He plainly told them of His approaching death and of the official work they were to accomplish. In doing so He promised to send them an advocate who should abide with them all their days. The Holy Spirit, thus promised to dwell in them and speak by them, was to guide them into all truth, to show them things to come, and to bring to their remembrance, and right comprehension, all things that He had said unto them," (John 14 to 16). So then Christ made himself responsible for their doctrine - marked them out as the expositors of His own words - declared that they stood for Him as he stood for the Father - that those who received them received Him - He endorsed for them, as Mr. Bradlaugh did for Mr. Slater, when he wrote concerning this discussion, "What Mr. Slater agrees to I agree to," thus enabling us to hold him accountable for whatever Mr. Slater (his apostle in this matter) has done. I then respectfully demand that Christianity shall not be held as wholly exhibited in the words of Jesus. But that His apostles shall be taken as united with Himself in developing, till the end of their days, a church, kingdom, system, doctrine, which he did not claim to complete during His stay on earth, but which he called them to complete, in His name; and, that consequently, we shall interpret His words, when they admit of two or more applications, according to the precepts and examples of the apostles.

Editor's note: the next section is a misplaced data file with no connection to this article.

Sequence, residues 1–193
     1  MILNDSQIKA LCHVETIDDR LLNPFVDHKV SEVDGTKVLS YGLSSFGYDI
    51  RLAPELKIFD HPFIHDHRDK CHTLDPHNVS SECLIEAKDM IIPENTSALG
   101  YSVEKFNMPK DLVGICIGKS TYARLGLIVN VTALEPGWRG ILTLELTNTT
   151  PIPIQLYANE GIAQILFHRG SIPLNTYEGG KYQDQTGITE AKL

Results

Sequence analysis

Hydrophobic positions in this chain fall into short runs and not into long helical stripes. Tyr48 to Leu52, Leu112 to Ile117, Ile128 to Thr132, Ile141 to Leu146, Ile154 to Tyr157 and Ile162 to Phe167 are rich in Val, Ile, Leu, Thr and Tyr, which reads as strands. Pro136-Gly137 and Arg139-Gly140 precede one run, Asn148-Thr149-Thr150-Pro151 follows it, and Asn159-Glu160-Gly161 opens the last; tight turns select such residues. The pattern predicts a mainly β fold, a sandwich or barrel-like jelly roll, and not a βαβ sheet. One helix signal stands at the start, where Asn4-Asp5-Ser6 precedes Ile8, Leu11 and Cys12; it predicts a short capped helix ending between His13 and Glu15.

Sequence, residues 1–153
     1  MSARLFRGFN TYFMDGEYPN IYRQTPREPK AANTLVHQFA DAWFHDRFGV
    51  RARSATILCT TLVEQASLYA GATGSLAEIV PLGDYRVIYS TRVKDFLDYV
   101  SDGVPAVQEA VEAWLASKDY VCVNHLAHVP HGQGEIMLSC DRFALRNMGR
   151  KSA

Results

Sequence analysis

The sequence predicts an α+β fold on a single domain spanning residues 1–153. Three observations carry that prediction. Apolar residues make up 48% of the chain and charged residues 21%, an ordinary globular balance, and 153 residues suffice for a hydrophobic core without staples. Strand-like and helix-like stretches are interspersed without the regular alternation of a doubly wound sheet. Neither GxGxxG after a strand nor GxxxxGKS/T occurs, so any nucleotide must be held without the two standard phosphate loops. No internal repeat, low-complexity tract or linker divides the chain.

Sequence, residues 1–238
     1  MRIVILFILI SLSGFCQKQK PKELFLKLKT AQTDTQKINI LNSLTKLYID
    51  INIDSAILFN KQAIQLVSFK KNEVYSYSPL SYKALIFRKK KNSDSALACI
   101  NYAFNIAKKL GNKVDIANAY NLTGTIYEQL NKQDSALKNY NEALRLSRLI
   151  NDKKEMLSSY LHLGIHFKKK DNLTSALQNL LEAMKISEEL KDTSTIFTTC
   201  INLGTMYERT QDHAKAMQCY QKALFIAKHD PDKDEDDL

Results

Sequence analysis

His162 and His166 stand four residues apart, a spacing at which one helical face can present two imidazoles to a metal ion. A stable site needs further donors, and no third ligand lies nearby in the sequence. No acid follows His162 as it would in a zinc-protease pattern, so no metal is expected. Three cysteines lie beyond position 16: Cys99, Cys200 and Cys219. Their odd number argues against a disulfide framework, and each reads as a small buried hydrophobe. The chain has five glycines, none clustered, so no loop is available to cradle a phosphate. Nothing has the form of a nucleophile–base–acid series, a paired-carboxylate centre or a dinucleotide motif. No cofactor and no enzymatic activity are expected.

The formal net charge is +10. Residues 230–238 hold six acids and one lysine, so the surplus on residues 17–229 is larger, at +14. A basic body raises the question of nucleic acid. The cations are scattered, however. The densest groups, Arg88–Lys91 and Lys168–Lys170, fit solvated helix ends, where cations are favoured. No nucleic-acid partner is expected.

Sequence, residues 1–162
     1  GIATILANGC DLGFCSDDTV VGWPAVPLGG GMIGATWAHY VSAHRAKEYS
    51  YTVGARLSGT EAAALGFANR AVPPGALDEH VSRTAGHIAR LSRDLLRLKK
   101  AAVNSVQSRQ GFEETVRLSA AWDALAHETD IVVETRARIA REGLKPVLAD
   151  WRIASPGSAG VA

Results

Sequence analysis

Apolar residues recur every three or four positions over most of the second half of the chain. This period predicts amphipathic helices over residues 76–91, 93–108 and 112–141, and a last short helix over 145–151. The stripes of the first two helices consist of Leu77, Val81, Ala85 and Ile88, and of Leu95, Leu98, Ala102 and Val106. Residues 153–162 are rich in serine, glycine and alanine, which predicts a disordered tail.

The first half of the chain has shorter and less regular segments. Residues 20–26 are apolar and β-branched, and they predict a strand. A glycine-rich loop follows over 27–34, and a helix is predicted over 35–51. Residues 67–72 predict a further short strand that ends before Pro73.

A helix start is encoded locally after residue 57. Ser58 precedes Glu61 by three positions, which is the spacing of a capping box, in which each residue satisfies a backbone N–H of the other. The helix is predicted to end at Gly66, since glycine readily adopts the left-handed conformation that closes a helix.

Having thus guarded against a too restricted interpretation of Christianity, I must protest against error in the opposite direction. As Christianity contains all that the apostles taught, so it ends with their last words. The latest communication of the last of the apostles completes the Christian system. Add to, or take from, what they and He thus presented, and neither Christ nor his apostles, nor Christians, are responsible for the working and effects of the system thus altered. R. Owen propounded a system called Socialism. Wherever that system is taught and practised as he gave it, he is responsible for the results. But when you change it he is no longer responsible, and were you, after thus changing, to designate it by his name, you would supply a misnomer and an injustice. But this wrong is constantly committed by the opponents of Christianity. In my debate with Mr. Holyoake, he persisted in attacking Romanism, and thus charged upon Christ teaching and doing the exact opposite of His plainly declared doctrine. Recently the acts of the French Emperor have been held up as illustrative of what can be done by a Christian government and nation. But he appertains to the papacy, and stands opposed to Christianity. True, he claims for himself and for his church the name "Christian," but just as well might one claim to be the Prince of Wales, because, without authority, and in defiance of right, he took upon him the name of the prince. Everyone, knowing anything of the doctrine of Christ and his apostles, must know the utter impossibility of perpetrating the worse than brigand-like atrocities of those who sought to make and who proclaimed the war, without violating all the great principles of the doctrine of Christ.